My husband and I are expecting a baby this August. During the AFC Championship Game in January, we were having a conversation with a friend who decided that if the baby is a boy, we should force him to become a football kicker. Our friend's reasoning was that even relatively bad professional kickers make $400,000 a year. I told him to stop any such discussion because I hate it when parents force their children to fulfill the parents' desires. Besides, I added, I want him to become a pastor. The Wall Street Journal's Katherine Rosman had an interesting story about a different kind of relationship between parents and children. When children are more devout than their parents, relationships can get strained, she reports.
The parents of 16-year-old Kevin Ellstrand are self-described secular humanists who shun organized religion. Two years ago, Kevin says, he "started following Christ with all my heart." He has taken a missionary trip to Mexico and participates in a weekly Bible study group.
In a time when many teens are having sex and taking drugs, his parents mostly consider his piety a blessing. They get upset, however, when Kevin explains that he doesn't believe in evolution. "To me, this is appalling," says his mother, Karen Byers, who has a doctorate in strategic management and was raised a Methodist. "We get into arguments, and voices get a little louder than they should." Kevin says: "I don't want my parents to go to hell for not believing in God. But that is what's going to happen, and it really scares me."
Rosman includes quite a few such stories about Christian, Jewish and Muslim youth. As far as the anecdotes go, the story is compelling. But her attempts to turn the reportage into a trend society are a bit disappointing:
While statistics on the number of devout young people are hard to come by, some groups that minister to the young report big gains. Young Life, an evangelical Christian ministry that focuses on children "disinterested" in religion, says more than 106,000 teens attended its programs on a weekly basis during the 2005-2006 school year, up from 66,362 12 years ago. "Mecca and Main Street," a new book by Geneive Abdo, a senior analyst at the Gallup Organization's Center for Muslim Studies, argues that a significant number of young U.S. Muslims are becoming substantially more devoted to Islam than their parents. In the Jewish community, a growing number of formerly secular young people are embracing an Orthodox lifestyle.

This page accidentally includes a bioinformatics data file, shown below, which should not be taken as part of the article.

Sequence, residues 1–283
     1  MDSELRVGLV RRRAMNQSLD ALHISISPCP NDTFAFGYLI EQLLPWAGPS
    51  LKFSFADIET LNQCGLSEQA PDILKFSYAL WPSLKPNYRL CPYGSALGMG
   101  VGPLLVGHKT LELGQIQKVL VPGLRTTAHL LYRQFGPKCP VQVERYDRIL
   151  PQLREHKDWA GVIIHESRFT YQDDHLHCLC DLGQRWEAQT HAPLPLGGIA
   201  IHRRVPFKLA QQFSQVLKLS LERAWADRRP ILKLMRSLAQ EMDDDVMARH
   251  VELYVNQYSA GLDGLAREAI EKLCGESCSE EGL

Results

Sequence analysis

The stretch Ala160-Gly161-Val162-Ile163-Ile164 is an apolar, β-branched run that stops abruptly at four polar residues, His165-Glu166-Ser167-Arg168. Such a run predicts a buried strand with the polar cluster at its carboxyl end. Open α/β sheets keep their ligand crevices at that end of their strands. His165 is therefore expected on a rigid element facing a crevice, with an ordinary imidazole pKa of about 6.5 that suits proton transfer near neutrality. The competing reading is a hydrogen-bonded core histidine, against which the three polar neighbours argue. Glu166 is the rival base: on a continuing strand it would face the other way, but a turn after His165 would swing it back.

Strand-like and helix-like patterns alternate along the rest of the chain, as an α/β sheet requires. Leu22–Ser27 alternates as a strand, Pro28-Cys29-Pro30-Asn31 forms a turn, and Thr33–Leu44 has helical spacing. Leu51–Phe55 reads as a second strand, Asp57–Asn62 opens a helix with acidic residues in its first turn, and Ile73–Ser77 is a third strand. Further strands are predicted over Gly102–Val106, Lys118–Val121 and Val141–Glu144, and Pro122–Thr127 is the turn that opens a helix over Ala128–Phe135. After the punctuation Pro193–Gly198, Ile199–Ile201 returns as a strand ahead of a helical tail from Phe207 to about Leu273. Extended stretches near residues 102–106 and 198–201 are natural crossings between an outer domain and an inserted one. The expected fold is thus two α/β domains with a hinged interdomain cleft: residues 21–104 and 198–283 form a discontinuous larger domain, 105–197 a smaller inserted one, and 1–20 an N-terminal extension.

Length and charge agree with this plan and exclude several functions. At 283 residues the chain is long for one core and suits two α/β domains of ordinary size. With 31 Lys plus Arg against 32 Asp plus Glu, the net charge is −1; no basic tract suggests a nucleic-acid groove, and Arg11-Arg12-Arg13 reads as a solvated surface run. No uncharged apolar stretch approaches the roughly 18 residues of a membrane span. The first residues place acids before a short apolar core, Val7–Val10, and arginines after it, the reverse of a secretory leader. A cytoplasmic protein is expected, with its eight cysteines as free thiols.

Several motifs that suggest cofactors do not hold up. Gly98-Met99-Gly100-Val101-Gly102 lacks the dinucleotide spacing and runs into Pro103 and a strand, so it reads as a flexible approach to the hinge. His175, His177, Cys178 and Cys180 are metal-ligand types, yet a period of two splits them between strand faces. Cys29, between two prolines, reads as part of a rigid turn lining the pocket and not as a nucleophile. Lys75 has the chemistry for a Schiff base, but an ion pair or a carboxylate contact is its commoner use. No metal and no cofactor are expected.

Rosman shows how some immigrant parents are particularly reticent to accept their children's devotion. One Honduran immigrant is upset that her son is forgoing a psychology career for the Christian ministry because he promised her when he was a boy that he would support her. The son of Taiwanese immigrants was sent to Harvard with the expectation that he would become a corporate attorney. When he opted for Christian ministry his mother threatened to kill herself.
Holidays are particularly hard for families with different religious beliefs. Rosman looks at a secular Jewish family where one daughter became a Baal Teshuva (Hebrew for "master of return"). Rosman says that's the name Orthodox Jews give to secular Jews who become observant:
Last year, Philip Ackerman of Palm Beach Gardens, Fla., and his wife wanted to take their three children and all of their grandchildren on a cruise to celebrate his 70th birthday. Among Mr. Ackerman's children is Azriela Jaffe, who is a BT and the author of a book about how newly observant Jews can get along with their less-observant relatives, "What Do You Mean, You Can't Eat in My Home?" Because the cruise ship didn't offer kosher food, and the itinerary would require travel on the Jewish Sabbath, Mrs. Jaffe and her family declined the invitation.
The Jaffes celebrate Jewish holidays separately from their extended family because they aren't observant. Secular holidays such as Thanksgiving are celebrated together when everyone travels to the Jaffes' kosher home in Highland Park, N.J. "There is no compromise. It's her way or the highway," Mr. Ackerman said during a phone interview before abruptly hanging up at his wife's urging.
Like every Wall Street Journal story I read, Rosman's article is well written. The stories about Jewish, Christian and Muslim children interacting with their parents were all interesting in their own way. It made me wish that each religion could have had its own story. I know that there are similarities between each, but it would be nice to get an even deeper look into this understandable conflict.